The Hillersjö stone continues the story by telling that Inga married again with a man named Eric, but apparently both Inga and Eric soon died without leaving any children, as Gerlög inherited her daughter [U 29: "Then she got Eiríkr. Then she died. Then Geirlaug came to inherit from Inga, her daughter". Translation provided by Rundata.] .

This text is completed with information by Inga from Runestone U 20/U 21, where it is said that both Gudrik (Gerlög's second husband and Inga's father) and Eric (Inga's second husband) had diedU 20/21: …"Eiríkr(?) his/her husbandman… and… Guðríkr, his/her father. May God help (his) spirit". Translation provided by Rundata.] .

Notes

ources and external links

*Rundata
* [http://www.lansmuseum.a.se/utstallningar/ingaestrid/platserohandelser.html "Inga och Estrid - en såpa för tusen år sedan: Människor, händelser och platser i Ingas och Estrids liv, Människor, händelser och platser i Ingas och Estrids liv.". A page at the Stockholm County Museum.]
* [http://www.lansmuseum.a.se/utstallningar/ingaestrid/textvetenskap.html "Gerlögs berättelse - fakta och fiktion" at the Stockholm County Museum.]
* [http://www.lansmuseum.a.se/utstallningar/ingaestrid.html "Inga & Estrid - en såpa för tusen år sedan", at the Stockholm County Museum.]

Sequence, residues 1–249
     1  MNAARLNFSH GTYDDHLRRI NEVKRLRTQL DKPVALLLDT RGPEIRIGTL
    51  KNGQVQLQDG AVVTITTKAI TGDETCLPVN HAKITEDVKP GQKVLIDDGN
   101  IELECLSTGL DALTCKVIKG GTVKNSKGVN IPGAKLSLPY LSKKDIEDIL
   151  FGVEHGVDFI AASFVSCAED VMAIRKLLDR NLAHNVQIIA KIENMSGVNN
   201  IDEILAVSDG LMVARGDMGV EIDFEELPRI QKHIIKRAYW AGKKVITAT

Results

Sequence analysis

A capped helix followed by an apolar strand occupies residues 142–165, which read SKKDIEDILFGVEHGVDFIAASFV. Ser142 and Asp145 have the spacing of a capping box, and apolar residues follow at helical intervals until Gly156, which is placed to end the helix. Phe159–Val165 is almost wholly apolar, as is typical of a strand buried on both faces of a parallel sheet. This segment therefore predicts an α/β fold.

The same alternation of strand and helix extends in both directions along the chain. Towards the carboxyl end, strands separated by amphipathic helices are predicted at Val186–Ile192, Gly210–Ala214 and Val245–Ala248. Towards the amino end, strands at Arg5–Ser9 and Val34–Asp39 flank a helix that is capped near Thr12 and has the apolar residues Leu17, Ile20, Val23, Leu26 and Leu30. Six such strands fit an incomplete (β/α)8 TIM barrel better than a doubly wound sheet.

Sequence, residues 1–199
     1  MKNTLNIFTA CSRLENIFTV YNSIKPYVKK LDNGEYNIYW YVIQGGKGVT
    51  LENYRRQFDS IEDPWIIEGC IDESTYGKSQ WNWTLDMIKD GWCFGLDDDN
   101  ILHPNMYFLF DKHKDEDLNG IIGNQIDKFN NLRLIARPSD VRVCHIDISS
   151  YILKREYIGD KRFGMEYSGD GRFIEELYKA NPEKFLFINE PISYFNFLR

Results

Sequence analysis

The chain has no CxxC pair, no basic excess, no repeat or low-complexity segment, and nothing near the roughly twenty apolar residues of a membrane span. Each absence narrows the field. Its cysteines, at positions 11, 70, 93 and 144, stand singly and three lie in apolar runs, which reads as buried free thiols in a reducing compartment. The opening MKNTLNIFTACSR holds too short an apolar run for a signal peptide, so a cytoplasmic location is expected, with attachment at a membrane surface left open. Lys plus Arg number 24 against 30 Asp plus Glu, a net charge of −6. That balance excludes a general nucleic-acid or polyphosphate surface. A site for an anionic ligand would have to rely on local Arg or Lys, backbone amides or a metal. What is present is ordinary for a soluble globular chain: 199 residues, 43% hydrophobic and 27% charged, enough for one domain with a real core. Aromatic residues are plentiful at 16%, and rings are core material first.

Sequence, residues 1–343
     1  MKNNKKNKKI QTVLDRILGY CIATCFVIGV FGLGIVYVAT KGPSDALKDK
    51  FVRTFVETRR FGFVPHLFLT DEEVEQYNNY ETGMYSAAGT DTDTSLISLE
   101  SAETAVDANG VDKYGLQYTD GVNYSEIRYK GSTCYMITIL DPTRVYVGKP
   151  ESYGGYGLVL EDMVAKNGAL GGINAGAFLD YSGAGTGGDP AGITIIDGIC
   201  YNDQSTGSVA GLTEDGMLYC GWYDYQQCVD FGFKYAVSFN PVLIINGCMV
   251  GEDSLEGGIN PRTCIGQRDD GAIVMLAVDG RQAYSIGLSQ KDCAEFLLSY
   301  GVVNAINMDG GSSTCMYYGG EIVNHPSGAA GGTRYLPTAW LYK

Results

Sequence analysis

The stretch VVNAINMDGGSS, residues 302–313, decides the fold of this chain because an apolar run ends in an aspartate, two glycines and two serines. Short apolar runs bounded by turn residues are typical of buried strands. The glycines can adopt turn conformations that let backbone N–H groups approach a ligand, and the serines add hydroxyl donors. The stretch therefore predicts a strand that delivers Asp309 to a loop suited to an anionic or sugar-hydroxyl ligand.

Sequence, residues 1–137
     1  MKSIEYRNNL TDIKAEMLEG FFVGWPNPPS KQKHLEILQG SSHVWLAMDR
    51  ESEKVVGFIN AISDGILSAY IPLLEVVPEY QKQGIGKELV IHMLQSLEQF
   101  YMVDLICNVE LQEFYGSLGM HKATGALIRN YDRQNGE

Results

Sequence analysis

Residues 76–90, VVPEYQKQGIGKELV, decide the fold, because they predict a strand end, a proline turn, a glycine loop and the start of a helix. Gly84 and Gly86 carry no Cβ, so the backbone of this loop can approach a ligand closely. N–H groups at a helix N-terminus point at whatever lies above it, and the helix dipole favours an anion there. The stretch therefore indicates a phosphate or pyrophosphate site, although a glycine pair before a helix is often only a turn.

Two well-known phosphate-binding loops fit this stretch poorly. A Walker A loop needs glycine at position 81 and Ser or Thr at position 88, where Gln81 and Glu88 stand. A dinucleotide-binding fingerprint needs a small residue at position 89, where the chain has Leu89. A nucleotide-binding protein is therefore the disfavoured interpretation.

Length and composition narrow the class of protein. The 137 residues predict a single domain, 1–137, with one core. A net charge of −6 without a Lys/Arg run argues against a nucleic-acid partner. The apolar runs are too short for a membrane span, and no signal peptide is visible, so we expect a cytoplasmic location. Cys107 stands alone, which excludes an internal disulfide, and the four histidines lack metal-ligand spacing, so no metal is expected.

*Jesch, Judith (2005) "Women in the Viking Age". ISBN 0851153607
*Hillersjö stone (U 29)
*Färentuna Runestones (U 20/U 21)
*Snottsta and Vreta stones (U 329, U 330, U 331 and U 332)


Wikimedia Foundation. 2010.

Look at other dictionaries:

  • Snottsta and Vreta stones — The Snottsta and Vreta stones are individual runestones known as U 329, U 330, U 331 and U 332. They are found on the homesteads of Snottsta (also spelled Snåttsta) and Vreta, and they tell in Old Norse with the younger futhark about the family… …   Wikipedia

  • Estrid — (Old Norse: Æstriðr , Ástríðr ) was a rich and powerful 11th century woman whose long family saga has been recorded on five or six runestones in Uppland, Sweden. This Estrid was the maternal grandmother of the chieftain Jarlabanke of the… …   Wikipedia

  • Färentuna Runestones — The Färentuna runestones are 11th century runestones in the younger futhark labelled U 20/U 21 and U 22, and they are located in Färentuna, Uppland, Sweden. The runestone U 20/U 21 is probably most interesting as it tells the story of the family… …   Wikipedia

  • Ingvar Runestones — The Ingvar Runestones ( sv. Ingvarstenarna) is the name of c. 26 Varangian Runestones that were raised in commemoration of those who died in the Swedish Viking expedition to the Caspian Sea of Ingvar the Far Travelled. The Ingvar expedition was… …   Wikipedia

  • Hillersjö stone — Runefacts|name=Hillersjö stone rundataid = U 29 country=Sweden region=Uppland city=Hilleshög produced=11th century artist=Þorbjörn skald style=Pr4 text native=Old Norse :See article text english=See article picture=|The Hillersjö stone on… …   Wikipedia


Share the article and excerpts

Direct link
Do a right-click on the link above
and select “Copy Link”

We are using cookies for the best presentation of our site. Continuing to use this site, you agree with this.